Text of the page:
Comparing feminism with social conservatism is instructive. The latter, of course, is poorly represented among faculty members in higher education. To identify oneself as a social conservative at most colleges and universities—at least before earning tenure—is professional folly, if not suicide. Yet no one can deny the influence of social conservatism in American politics. It remains a potent electoral force because so many voters identify themselves as socially or morally conservative. Feminism’s influence is significant, but disproportionate to the relatively small number of Americans who identify with feminism in theory or practice.
Click here to read the full article on FamilyInAmerica.org
Dr. Anthony Bradley: "Abstinence = Epic Fail"
On February 10, 2012, rapper Too $hort posted a video on XXLMag.com, a hip-hop website, where he gave “Fatherly Advice” to middle-school and high-school boys on sexuality. The disgusting, misogynistic, dehumanizing, and graphic nature of his comments do not bear repeating here, but his comments made me wonder about the consequences of reducing sexuality to merely a physical concept in the absence of virtue. Thankfully, the video was removed and Too $hort offered an apology for offending people. The rapper, however, offered no apology for the way in which he advised young men to touch the bodies of young girls.
The whole episode reminded me that I am not convinced that Christians do a good job of telling young people what to do with their bodies other than say “no” to them. As a result, I am beginning to wonder if abstinence programs are even helpful for developing moral maturity. While abstinence rightly places sexual intercourse within its proper context — marriage — it fails to construct a moral theology of the body. Perhaps this is a good opportunity for Christians to return to teaching chastity.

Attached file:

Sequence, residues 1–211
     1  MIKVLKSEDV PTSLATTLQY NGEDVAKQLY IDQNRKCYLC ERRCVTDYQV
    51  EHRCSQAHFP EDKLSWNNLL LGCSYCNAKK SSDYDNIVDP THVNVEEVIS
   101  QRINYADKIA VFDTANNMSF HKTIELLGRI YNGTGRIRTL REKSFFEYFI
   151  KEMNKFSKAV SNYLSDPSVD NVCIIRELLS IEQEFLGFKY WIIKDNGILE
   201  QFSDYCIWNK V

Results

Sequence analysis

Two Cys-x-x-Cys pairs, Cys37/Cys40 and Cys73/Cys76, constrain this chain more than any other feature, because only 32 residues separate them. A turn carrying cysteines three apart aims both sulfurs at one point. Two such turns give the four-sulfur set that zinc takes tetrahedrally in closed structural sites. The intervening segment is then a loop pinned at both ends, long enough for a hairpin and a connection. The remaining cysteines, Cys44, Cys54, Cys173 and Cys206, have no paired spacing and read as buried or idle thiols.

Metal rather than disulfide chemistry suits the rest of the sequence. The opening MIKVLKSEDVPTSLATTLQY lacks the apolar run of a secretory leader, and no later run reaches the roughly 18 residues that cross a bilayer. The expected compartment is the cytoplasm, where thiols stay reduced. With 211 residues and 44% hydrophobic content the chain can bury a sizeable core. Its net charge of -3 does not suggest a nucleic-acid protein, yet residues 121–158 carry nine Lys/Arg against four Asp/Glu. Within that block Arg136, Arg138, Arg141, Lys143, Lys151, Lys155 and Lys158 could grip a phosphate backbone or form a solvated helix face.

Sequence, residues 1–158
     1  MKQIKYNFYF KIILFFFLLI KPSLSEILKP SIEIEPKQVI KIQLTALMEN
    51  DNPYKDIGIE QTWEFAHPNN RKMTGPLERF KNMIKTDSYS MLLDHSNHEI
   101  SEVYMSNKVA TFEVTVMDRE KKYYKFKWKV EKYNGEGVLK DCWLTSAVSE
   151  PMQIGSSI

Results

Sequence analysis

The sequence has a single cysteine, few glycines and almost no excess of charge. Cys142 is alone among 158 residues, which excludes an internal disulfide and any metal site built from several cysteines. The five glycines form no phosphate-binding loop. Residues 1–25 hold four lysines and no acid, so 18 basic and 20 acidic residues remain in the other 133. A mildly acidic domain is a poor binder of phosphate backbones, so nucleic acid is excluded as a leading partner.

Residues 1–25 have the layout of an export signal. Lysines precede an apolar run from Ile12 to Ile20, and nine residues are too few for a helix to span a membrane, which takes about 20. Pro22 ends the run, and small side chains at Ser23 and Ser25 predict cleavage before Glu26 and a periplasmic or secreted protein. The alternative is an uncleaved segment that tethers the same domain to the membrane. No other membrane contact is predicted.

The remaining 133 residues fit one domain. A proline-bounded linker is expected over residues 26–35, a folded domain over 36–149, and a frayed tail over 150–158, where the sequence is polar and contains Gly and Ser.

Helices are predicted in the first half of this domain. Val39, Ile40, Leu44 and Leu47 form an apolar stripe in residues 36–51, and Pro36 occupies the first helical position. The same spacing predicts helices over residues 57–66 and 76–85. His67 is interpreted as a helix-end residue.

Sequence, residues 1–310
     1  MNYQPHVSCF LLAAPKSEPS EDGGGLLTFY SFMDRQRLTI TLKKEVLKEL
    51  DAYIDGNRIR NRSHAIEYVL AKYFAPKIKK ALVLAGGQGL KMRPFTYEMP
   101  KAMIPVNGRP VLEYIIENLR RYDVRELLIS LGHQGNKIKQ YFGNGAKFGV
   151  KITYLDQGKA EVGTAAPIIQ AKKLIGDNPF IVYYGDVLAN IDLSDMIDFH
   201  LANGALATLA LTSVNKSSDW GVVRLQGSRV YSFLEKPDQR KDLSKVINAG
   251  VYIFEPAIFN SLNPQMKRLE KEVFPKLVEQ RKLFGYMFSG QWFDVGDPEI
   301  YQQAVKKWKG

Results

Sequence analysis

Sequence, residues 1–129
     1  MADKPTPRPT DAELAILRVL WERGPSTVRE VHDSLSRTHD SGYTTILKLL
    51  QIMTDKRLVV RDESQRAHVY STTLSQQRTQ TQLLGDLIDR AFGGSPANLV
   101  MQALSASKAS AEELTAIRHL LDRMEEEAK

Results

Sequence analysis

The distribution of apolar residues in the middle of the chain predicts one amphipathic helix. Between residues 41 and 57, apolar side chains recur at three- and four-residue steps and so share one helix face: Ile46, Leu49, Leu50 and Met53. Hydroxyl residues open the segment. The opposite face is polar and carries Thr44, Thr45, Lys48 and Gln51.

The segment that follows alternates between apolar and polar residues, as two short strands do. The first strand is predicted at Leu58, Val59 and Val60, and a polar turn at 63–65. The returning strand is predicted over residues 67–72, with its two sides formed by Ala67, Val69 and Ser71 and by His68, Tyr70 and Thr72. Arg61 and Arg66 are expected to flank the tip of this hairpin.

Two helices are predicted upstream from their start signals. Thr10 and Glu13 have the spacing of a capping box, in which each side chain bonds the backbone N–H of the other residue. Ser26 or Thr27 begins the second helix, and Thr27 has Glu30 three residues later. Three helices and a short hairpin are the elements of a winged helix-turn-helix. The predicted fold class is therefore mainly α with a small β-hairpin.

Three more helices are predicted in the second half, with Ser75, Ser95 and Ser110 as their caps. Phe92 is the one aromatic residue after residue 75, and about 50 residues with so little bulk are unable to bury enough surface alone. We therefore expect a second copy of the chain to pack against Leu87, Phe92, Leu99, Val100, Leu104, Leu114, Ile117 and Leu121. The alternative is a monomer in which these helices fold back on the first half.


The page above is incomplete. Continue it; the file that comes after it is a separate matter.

Read the full article at UrbanFaith.com
Alissa Wilkinson: "Mixed Reviews"
Legacies are given to us by those who are dead. Perhaps this indisputable fact is the reason why our culture does not know how to deal with legacies. Cultures—from the Egyptians to the Romans to the Soviets—have traditionally treated the dead with a combined sense of awe and fear. On the one hand, the dead are treated as gods—embalmed and revered, sometimes worshipped. Alexander the Great and Lenin are treated this way, but so are the modern dead. Think of the strange rites that accompanied the celebrations of death for Princess Diana, John F. Kennedy, or John Lennon. Think of the myths that have emerged around their personalities and lives.
But lurking beneath this strange reverence is a profound sense of fear. The dead scare us; we worry that we will not live up to their greatness. We worry that the horrors perpetrated by those who have passed will reappear again and haunt us like ghosts.
Read the full article in Comment Magazine
Dr. Anthony Bradley Publishes Books on Social, Political, and Economic Justice
Dr. Anthony Bradley, Associate Professor of Theology and Ethics, continues to create dialogue in the American black community on issues ranging from theology and politics to culture and economic justice. In January, he published Keep Your Head Up: America's New Black Christian Leaders, Social Consciousness, and the Cosby Conversation and is releasing another on March 1st entitled The Political Economy of Liberation: Thomas Sowell and James Cone on the Black Experience.
The books come on the heels of the 2010 publication of Dr. Bradley's Liberating Black Theology: The Bible and the Black Experience in America and the 2011 release of Black and Tired.
Keep Your Head Up is a compilation of essays edited by Dr. Bradley that discuss issues facing the black community, including the black family, hip-hop, masculinity, and the prosperity gospel. To accomplish this, he brings together a team of pastors, scholars, and leaders in the black community.
In early February, Dr. Bradley flew out to Jackson, MS to launch the book in the oldest black church in Jackson, and the second oldest black church in Mississippi. Attending the event were civil-rights figures, including James Meredith, the first African-American to graduate from the University of Mississippi. At the event, Dr. Bradley told the Clarion Ledger that "the black church is perfectly positioned to regain her moral influence in shaping the virtues and morale of black communities for the common good."
Read the full story at www.tkc.edu